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Highlights
• Two weak forms are introduced that are consistent with meshfree approximations
• Higher order optimal h-refinement previously unavailable
• p-refinement previously unavailable
• New ability to increase accuracy called a-refinement
Abstract
Enforcement of essential boundary conditions in many Galerkin meshfree methods is non-trivial d...

## Contexts in source publication

**Context 1**

... modification, the approximation is in general non-interpolatory, that is, u h (x I ) = u I . A simple demostration of this property is given in Figure 1. ...

**Context 2**

... quadratic bases is introduced into the RK approximations; the L 2 (Ω) and H 1 (Ω) semi-norms of error are shown in Figure 10. And again it is seen that T+CWF I and T+CWF II are able to pass the patch test (with machine-level error) while the transformation method does not. ...

**Context 3**

... consider linear, quadratic, cubic, and quartic bases (denoted with p = 1, p = 2, p = 3, and p = 4, respectively), with normalized support sizes of a = p + 1. h-refinement is performed for each of the basis, starting with an 11 × 11 uniform node distribution. The solution errors in the L 2 (Ω) norm and H 1 (Ω) semi-norm of the various bases are plotted in Figure 11-12, showing that T+CWF I and T+CWF II can yield optimal convergence rates (p + 1 in L 2 and p in semi-H 1 ), while the traditional weak form (T) only yields linear rates (2 in L 2 and 1 in semi-H 1 ), regardless of the order of basis. Therefore the present approach can yield h-refinement with p th order optimal rates of convergence. ...

**Context 4**

... the present approach can yield h-refinement with p th order optimal rates of convergence. In addition, it can be seen in Figures 11b 11c, 12b, and 12c, that by increasing p, for any given h (with the exception of one case), more accuracy can be obtained, yielding the ability to also provide p-refinement. These two features of the present approach are in stark contrast to the results in Figures 11a and 12a, where increasing p does not give consistently more accurate results, and in fact moving from p = 1 to p = 2 provides only marginal improvement in accuracy, while increasing p from two to three and three to four actually provides worse results. ...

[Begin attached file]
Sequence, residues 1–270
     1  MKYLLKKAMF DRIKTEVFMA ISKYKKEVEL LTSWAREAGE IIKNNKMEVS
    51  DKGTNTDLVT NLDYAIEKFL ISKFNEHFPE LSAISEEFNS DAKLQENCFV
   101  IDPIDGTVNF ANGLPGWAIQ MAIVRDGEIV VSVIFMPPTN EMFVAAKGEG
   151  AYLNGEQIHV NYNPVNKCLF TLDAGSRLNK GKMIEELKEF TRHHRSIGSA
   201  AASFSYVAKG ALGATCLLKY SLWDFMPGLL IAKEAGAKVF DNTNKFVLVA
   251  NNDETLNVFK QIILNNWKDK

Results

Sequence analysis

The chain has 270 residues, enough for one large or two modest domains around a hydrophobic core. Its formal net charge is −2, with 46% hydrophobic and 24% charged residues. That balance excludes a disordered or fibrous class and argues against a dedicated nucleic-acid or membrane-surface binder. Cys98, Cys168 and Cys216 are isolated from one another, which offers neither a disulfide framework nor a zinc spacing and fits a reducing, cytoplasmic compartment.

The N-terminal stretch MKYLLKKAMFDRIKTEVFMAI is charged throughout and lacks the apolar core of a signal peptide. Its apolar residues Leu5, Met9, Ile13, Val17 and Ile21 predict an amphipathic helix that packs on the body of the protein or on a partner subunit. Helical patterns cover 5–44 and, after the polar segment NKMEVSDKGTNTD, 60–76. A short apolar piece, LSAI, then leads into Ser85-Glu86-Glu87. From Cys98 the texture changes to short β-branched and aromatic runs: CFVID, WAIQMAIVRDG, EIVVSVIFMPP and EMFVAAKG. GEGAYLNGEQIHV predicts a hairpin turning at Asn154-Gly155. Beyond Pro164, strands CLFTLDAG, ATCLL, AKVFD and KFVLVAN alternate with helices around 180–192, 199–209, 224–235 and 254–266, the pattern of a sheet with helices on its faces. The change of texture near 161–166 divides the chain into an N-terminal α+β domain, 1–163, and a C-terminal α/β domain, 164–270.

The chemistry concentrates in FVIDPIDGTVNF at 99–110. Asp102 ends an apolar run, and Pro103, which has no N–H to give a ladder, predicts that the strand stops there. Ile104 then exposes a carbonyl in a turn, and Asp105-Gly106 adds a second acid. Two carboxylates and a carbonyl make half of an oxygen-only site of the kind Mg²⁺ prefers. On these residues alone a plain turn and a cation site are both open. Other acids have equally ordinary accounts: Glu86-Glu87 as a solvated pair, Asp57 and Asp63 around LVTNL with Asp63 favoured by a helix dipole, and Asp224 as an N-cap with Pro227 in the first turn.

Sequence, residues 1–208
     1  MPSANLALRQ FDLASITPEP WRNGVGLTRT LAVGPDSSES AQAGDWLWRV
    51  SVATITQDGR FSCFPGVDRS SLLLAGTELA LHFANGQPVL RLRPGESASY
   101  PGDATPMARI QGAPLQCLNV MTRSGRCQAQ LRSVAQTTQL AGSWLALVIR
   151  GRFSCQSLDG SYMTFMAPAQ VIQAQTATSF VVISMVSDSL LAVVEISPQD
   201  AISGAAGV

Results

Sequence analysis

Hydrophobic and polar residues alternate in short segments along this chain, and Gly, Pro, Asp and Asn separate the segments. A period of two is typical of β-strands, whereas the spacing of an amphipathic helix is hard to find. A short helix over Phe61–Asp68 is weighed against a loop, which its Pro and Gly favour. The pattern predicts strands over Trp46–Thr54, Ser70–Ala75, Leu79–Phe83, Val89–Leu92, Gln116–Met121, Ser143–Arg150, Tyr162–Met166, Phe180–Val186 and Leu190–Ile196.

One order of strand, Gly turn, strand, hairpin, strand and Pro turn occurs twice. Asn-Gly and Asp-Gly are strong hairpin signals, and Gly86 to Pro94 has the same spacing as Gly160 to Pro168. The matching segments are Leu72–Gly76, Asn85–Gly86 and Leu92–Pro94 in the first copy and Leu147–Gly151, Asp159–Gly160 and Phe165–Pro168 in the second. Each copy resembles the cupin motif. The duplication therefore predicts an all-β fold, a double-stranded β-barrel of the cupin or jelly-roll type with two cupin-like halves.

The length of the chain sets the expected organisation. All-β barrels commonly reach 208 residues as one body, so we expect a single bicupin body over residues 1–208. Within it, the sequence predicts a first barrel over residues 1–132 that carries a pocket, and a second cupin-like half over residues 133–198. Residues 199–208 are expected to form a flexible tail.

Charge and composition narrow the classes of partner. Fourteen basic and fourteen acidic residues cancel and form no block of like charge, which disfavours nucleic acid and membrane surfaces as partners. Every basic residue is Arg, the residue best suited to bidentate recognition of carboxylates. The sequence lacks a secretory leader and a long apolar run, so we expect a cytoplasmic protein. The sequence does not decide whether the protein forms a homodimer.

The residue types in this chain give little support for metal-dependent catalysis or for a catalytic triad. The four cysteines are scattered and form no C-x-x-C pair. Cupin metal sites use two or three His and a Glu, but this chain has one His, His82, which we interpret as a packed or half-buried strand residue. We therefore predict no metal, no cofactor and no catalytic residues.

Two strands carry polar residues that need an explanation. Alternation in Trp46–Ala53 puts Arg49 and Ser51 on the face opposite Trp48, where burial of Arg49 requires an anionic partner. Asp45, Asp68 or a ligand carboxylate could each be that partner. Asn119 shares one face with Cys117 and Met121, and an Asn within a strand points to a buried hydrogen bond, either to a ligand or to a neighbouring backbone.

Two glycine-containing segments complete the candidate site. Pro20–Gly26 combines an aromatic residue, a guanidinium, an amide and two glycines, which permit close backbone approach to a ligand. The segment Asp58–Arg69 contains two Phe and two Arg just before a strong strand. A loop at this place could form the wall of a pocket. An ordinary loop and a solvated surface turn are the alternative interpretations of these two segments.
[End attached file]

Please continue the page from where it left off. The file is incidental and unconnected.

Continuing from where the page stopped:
**Context 5**

... addition, it can be seen in Figures 11b 11c, 12b, and 12c, that by increasing p, for any given h (with the exception of one case), more accuracy can be obtained, yielding the ability to also provide p-refinement. These two features of the present approach are in stark contrast to the results in Figures 11a and 12a, where increasing p does not give consistently more accurate results, and in fact moving from p = 1 to p = 2 provides only marginal improvement in accuracy, while increasing p from two to three and three to four actually provides worse results. Comparing to Tables 1, 2, and 3, it can be inferred that this is due to the additional error in the representation of boundary conditions in the test and trial functions, decreasing from p = 1 to p = 2, and increasing from p = 2 to p = 3. ...

**Context 6**

... linear basis (p = 1) is tested. The errors in the L 2 (Ω) norm and H 1 (Ω) semi-norm are plotted in Figures 13 and 14 respectively, for T, T+CWF I, and T+CWF II. First it can be seen that optimal rates are obtained for all cases of a, for all methods. ...

**Context 7**

... cubic (p = 3) basis is tested. The same error measures are presented in Figure 17 and 18 for all cases. Again, the two proposed methods consistently provide optimal convergence rates regardless of the value of a. However in this case, it seems that the actual value has little effect on solution accuracy. ...

**Context 8**

... the other hand, the transformation method (T) provides only linear rates, as expected, while the value of a also has little effect. Similar to the last example, it is apparent from Figure 17 and 18 that these technique provide the ability to reduce the solution error by several orders of magnitude, in this case, by three orders, or 99.9%. ...

**Context 9**

... a fixed distribution of the nodal spacing h = 1/10 is employed, while varying the normalized support a for different values of p. Figure 19 shows the error for linear basis, where it is seen that by increasing a, lower error can be obtained with T+CWF I and T+CWF II. On the other hand, with T alone, the optimal value appears to be a = 2.5, which likely strikes a balance between approximation accuracy, and error due to the inability to construct proper spaces required of the weak form. ...

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